The latest post on Far Outliers introduces me to a wonderful term which Joel cites (from his newly acquired Encyclopedia of Ships) as tumblehome, but which my own treasured copy of The Sailor’s Word-Book gives as tumbling-home “The opposite of wall-sided, or flaring out.” I decided to let the OED settle the issue; here’s their entry:
tumbling home: the inward inclination of the upper part of a ship’s sides; opposed to FLARE n.1 4: see TUMBLE v. 11. Also tumbling-in.
1664 E. BUSHNELL Compl. Shipwright 11 Then set off the Tumbling Home, at the Height of the two first Haanses. 1769 FALCONER Dict. Marine, Encabanement, the tumbling-home of a ship’s side from the lower-deck-beam upwards, to the gunnel. 1832 Encycl. Amer. XI. 367/2 Nothing can be urged in favor of tumbling in.. but that it brings the guns nearer the centre. c1850 Rudim. Navig. (Weale) 157 The topsides of three-decked ships have the greatest tumbling-home, for the purpose of clearing the upper works from the smoke and fire of the lower guns.
So I’m going with tumbling home for my post title. [From the comments, I learn that the current form is in fact tumblehome; I’m keeping the older form as my post title because I like the ring of it, but I don’t want to mislead anyone. If you have a boat you want to describe, you should mention its tumblehome if you want to be au courant.] Joel adds that the curve was “at one time designed to make room for projections at deck level to clear the wharf, or to make boats easier to paddle, but [is] also found in vessels like submarines designed to slice through the waves rather than ride over them” and asks: “Does anyone know the French, Dutch, Portuguese, or Japanese equivalent?” The French equivalent, as you can see from the second OED cite, is encabanement, but I too would be curious to see equivalents in other languages (especially Russian). Such specialized terms are not found in general bilingual dictionaries, of course, and it’s possible that most languages don’t have an equivalent term (simply saying “inward-sloping” when the need arises), but I just thought I’d ask.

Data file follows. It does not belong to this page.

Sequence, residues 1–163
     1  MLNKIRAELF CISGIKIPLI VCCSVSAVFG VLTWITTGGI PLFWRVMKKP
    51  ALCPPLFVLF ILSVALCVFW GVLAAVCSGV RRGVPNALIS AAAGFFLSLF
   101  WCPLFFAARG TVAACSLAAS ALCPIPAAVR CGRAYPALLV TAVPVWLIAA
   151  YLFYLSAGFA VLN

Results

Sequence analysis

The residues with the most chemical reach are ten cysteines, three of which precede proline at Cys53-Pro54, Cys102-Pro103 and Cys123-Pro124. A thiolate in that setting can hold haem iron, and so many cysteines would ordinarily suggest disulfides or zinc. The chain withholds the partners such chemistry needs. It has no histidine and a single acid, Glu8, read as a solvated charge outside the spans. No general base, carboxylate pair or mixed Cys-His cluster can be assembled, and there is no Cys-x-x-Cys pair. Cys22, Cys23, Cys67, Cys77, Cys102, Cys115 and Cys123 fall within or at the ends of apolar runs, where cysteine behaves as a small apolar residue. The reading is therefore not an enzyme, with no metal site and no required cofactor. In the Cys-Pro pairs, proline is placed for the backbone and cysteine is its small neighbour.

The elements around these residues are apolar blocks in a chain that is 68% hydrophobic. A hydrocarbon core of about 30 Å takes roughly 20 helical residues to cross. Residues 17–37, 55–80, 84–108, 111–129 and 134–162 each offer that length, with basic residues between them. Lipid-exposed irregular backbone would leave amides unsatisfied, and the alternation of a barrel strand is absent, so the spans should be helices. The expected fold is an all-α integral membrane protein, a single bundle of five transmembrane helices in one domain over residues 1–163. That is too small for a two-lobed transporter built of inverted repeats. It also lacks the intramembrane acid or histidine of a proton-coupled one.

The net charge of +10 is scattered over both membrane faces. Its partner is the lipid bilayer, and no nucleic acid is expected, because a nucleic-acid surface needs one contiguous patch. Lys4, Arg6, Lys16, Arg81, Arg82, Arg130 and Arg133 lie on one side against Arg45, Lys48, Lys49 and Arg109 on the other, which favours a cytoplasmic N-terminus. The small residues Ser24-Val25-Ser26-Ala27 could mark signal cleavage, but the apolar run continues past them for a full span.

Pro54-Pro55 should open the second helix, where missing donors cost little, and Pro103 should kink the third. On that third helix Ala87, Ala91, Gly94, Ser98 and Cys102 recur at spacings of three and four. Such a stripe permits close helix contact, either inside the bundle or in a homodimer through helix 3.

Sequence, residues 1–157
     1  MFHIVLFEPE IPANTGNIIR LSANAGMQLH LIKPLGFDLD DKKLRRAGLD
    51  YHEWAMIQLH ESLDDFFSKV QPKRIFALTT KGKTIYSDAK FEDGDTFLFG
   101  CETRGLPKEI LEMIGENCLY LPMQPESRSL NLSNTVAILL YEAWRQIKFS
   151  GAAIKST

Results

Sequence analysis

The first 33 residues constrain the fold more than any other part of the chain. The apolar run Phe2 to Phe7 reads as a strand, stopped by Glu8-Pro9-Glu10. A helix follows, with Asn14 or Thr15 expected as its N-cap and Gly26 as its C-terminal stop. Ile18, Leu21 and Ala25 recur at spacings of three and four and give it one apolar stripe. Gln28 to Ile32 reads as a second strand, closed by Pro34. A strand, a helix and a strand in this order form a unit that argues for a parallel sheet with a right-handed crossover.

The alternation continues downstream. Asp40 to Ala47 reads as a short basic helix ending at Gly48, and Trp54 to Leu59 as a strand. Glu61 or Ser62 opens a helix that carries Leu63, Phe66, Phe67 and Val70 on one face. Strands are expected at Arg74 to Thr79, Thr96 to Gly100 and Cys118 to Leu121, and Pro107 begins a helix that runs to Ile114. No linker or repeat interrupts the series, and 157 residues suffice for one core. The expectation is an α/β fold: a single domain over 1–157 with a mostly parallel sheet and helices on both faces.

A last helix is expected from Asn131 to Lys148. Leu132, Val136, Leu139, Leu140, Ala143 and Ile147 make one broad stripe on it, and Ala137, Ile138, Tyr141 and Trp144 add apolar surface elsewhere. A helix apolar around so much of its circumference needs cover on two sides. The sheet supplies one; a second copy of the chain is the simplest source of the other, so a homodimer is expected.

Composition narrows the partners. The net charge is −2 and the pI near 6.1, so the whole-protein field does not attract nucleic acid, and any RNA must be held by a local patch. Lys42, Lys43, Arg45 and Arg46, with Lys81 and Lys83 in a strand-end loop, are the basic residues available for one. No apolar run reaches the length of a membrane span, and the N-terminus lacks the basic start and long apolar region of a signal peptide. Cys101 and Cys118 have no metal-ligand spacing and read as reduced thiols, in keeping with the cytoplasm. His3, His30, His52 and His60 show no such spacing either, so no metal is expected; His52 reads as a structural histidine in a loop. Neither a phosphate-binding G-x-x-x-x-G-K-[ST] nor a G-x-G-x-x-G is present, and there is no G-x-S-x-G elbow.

It turns out, by the way, that the verb tumble can also be used in this sense; the OED’s definition 11 is:
Of the sides of a ship: To incline or slope inwards, to contract above the point of extreme breadth; to batter. Usually tumble home. Opposed to FLARE v. 4a. Also transf.
a1687 PETTY Treat. Naval Philos. I. ii, Let the supernatant sides of a Ship so much tumble.. as that the said sides may remain perpendicular when the Ship stoops. 1711 W. SUTHERLAND Shipbuild. Assist. 165 Tumbling home; when the Ship-side declines from a Perpendicular upwards, or, as some call it, houses in. 1761 H. WALPOLE Let. to G. Montagu 28 Apr., Old Newcastle, whose teeth are tumbled out, and his mouth tumbled in. 1848 T. WHITE Ship Build. 39 The upper works usually incline towards the middle line, or as it is termed ‘tumble home’.